Part-time Dubai resident Lisa Stockham makes resolutions each year and believes she has cracked the code to sticking to them. “I think making your New Year goals more positive, simple and effective can only be a good thing,” she says. “When I was younger they would always be things like stopping a vice or losing weight. Now I try to be more positive and take on, try or learn something new. I’m still going to pilates now a year after setting 2017’s resolution to try that.”
There’s science behind Lisa’s New Year’s resolution success story. “We are more likely to maintain behaviours that we find intrinsically rewarding,” says psychotherapist Chasity O’Connell, adding that a resolution involving doing something interesting that feels good, or is satisfying and meaningful in and of itself, is likely to get you further than trying to restrict, stop or curb you.
O’Connell uses weight loss as a way to illustrate this point. “If someone is trying to lose 40 pounds [18kgs], it is more helpful to frame that goal in terms of one’s health, wellness and desire to feel stronger, as opposed to ‘being sick of being fat or wanting to look better in a bathing suit’,” she says. “It’s not to say that it’s wrong to choose those goals, but which set of goals is going to motivate your behaviour in a lasting and meaningful way?”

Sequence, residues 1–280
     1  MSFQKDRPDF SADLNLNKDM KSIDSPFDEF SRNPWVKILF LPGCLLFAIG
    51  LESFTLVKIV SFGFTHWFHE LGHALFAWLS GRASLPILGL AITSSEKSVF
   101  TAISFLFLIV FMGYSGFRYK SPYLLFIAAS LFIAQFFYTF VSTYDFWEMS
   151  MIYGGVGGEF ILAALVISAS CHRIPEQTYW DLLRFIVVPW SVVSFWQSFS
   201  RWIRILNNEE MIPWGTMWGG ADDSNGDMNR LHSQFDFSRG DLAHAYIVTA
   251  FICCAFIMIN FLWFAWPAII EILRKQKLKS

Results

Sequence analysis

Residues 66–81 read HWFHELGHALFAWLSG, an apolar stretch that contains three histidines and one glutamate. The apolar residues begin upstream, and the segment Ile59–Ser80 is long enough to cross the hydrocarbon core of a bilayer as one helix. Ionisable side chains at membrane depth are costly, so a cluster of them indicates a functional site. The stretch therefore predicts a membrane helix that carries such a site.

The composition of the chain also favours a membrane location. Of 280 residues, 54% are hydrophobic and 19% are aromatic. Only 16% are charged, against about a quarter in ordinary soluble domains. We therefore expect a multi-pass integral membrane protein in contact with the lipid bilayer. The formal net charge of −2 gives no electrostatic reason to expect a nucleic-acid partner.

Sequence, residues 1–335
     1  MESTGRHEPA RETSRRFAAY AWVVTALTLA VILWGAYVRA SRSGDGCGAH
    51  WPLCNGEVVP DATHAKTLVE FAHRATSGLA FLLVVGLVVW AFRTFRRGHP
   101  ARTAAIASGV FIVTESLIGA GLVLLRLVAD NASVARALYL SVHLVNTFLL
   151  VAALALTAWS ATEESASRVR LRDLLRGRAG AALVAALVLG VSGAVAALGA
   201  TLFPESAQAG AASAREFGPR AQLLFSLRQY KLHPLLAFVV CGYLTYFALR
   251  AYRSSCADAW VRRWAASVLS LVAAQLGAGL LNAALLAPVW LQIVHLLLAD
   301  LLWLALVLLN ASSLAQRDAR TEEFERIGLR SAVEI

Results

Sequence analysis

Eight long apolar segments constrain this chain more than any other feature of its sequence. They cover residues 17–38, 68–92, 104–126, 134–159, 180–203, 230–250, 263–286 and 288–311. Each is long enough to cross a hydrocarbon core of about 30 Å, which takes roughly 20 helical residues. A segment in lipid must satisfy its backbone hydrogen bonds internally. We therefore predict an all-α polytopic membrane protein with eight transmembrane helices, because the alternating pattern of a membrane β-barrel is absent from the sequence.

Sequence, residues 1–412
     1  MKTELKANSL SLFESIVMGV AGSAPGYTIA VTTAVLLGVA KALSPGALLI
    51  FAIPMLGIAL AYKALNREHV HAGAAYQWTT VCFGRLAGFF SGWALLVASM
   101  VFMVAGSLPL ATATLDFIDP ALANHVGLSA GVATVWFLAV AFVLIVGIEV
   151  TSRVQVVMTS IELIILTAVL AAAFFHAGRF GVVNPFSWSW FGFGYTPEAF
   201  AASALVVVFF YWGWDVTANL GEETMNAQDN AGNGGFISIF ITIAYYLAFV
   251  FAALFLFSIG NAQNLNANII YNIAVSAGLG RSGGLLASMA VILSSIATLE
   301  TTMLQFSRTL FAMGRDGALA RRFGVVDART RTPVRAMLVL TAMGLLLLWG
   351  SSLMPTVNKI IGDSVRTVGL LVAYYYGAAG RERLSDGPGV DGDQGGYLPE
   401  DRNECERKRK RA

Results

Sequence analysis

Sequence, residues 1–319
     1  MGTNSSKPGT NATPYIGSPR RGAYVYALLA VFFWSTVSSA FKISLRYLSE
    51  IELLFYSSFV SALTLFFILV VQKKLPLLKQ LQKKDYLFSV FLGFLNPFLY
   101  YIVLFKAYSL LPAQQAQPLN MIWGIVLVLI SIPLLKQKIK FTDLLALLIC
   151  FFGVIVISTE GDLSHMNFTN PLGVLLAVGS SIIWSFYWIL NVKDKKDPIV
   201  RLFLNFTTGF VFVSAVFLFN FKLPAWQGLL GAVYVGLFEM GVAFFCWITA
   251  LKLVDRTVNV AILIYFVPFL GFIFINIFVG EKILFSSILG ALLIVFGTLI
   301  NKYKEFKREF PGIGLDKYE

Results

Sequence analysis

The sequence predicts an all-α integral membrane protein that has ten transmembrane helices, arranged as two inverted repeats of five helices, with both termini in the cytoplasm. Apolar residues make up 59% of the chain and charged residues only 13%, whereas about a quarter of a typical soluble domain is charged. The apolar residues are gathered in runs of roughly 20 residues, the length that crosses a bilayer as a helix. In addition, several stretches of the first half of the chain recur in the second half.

A positive view on our goals and targets for the year ahead could well be the answer to maintaining our resolutions this January (or February, or March…).
Instead of setting goals to “quit smoking” or “lose weight”, a resolution “to become stronger, healthier and more active” may well have a more lasting and positive effect on our lifestyles. Similarly, “quit my job” may not be as motivational as “make a new career move that excites and fulfils me”.
“Asking yourself, ‘What do I value and what is important to me?’ is a great way to start,” advises O’Connell. “If there is a ‘should’ in the answer, then it will be more difficult to work toward lasting change.”
Approaching our resolutions from a new, less punitive angle may well be the answer to sticking to our guns this year. Life coaches and psychotherapists use the ‘Smart’ acronym to define exactly how we should be setting goals for ourselves. Is your New Year’s resolution: Specific, measurable, achievable, realistic and time-driven? If it isn’t, then you may be less likely to achieve your goals for the year ahead.